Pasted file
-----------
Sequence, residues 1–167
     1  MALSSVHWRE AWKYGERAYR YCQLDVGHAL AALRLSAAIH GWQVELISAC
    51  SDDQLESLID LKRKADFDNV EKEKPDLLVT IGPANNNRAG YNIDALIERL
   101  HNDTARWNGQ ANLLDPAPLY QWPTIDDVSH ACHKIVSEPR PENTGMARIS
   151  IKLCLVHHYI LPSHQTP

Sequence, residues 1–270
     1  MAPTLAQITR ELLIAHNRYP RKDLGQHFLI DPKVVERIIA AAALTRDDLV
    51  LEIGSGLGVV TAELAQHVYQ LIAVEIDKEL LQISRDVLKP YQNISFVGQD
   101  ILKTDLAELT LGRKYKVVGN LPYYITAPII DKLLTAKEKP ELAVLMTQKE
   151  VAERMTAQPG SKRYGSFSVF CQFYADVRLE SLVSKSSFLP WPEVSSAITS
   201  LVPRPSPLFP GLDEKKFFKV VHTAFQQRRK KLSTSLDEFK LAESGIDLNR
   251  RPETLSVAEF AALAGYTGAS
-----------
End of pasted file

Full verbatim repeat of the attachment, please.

Sequence, residues 1–167
     1  MALSSVHWRE AWKYGERAYR YCQLDVGHAL AALRLSAAIH GWQVELISAC
    51  SDDQLESLID LKRKADFDNV EKEKPDLLVT IGPANNNRAG YNIDALIERL
   101  HNDTARWNGQ ANLLDPAPLY QWPTIDDVSH ACHKIVSEPR PENTGMARIS
   151  IKLCLVHHYI LPSHQTP

Sequence, residues 1–270
     1  MAPTLAQITR ELLIAHNRYP RKDLGQHFLI DPKVVERIIA AAALTRDDLV
    51  LEIGSGLGVV TAELAQHVYQ LIAVEIDKEL LQISRDVLKP YQNISFVGQD
   101  ILKTDLAELT LGRKYKVVGN LPYYITAPII DKLLTAKEKP ELAVLMTQKE
   151  VAERMTAQPG SKRYGSFSVF CQFYADVRLE SLVSKSSFLP WPEVSSAITS
   201  LVPRPSPLFP GLDEKKFFKV VHTAFQQRRK KLSTSLDEFK LAESGIDLNR
   251  RPETLSVAEF AALAGYTGAS